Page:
|Name of Representative||Patcharapim Takizawa|
|Name of Employer/Organization||University of Tsukuba|
Association between duration of untreated psychosis (DUP) and remission in first-episode schizophrenia.
Background: The duration of untreated psychosis (DUP) affects remission and relapse in schizophrenia. A number of studies have reported the relevance of DUP and remission including factors causing longer DUP in first-episode schizophrenia are limited.
Objective: To examine the potential association between DUP and remission, the rates of remission and predictive factors for remission and longer DUP.
Methods: A prospective study of 206 first-episode schizophrenic patients that was conducted in eight hospitals of Thailand. Remission was assessed according to the definition and criteria proposed by the Remission in Schizophrenia Working Group (RSWG). The patients were categorized into short DUP (<4 weeks) and long DUP (≥4 weeks ) groups using a median split.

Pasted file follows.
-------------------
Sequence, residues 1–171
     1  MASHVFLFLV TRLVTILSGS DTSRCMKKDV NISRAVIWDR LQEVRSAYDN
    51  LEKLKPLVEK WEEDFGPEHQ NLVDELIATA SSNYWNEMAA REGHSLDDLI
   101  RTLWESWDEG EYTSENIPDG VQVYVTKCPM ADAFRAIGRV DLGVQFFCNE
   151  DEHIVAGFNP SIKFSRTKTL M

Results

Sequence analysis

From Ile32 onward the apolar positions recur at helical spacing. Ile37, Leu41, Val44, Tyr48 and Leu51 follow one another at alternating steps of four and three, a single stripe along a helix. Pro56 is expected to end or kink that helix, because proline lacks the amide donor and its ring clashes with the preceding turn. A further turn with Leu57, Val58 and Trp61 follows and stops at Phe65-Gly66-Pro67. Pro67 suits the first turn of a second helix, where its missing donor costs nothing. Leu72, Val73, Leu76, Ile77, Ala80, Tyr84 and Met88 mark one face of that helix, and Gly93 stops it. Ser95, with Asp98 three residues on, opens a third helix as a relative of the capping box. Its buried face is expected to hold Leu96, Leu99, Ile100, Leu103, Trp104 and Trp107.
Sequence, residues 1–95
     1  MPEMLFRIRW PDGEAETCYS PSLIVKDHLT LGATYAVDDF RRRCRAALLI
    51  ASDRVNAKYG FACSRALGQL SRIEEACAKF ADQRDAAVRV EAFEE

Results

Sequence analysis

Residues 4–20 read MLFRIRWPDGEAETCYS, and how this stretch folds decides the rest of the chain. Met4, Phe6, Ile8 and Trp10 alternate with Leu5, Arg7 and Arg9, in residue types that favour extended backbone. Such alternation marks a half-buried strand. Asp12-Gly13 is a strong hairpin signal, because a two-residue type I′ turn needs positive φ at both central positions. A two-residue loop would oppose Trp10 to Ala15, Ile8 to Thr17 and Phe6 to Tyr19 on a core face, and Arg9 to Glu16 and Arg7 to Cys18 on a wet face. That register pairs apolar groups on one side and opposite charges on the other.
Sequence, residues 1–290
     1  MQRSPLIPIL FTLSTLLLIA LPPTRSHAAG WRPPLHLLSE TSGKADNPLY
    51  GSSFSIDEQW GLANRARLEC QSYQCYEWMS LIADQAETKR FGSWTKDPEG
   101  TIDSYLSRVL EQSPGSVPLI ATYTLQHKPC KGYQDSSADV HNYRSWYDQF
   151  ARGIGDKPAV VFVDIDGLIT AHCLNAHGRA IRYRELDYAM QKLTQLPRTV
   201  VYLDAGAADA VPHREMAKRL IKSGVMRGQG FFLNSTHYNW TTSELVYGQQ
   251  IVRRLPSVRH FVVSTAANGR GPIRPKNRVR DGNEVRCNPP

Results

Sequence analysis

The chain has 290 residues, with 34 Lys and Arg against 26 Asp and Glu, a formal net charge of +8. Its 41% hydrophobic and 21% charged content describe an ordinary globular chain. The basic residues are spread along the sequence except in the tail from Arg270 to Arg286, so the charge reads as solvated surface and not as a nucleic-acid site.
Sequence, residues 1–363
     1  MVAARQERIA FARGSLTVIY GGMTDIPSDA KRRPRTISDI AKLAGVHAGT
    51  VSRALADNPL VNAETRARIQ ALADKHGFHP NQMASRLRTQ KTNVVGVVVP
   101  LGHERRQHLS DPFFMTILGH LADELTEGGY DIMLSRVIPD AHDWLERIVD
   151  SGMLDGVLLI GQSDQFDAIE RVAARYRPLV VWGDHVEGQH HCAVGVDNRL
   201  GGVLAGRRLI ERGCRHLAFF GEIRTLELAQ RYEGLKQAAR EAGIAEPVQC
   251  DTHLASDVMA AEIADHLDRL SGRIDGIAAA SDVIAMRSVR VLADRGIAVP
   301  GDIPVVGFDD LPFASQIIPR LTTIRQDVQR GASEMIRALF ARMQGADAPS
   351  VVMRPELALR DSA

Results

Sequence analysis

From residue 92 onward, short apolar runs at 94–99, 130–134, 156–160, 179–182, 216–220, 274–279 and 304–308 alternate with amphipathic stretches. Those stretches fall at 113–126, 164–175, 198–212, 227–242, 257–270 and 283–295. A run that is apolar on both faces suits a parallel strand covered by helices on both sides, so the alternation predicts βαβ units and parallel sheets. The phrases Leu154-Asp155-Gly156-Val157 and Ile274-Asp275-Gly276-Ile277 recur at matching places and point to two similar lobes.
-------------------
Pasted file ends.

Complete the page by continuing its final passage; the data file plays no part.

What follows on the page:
Results: 67% of patients met the remission criteria at 6 months follow-up time. The short DUP group experienced a significantly higher remission rate. In the logistic regression analysis after adjustment for potential confounding, two strongest predictor of remission were shorter DUP and baseline PANSS scores. Income and history of alcohol use within 3 months were significantly predictive of longer DUP.
Conclusion: DUP appears to be a modest independent predictor of prognosis in remission.
Results support the need for assertive early detection strategies especially, reduce caused of longer DUP.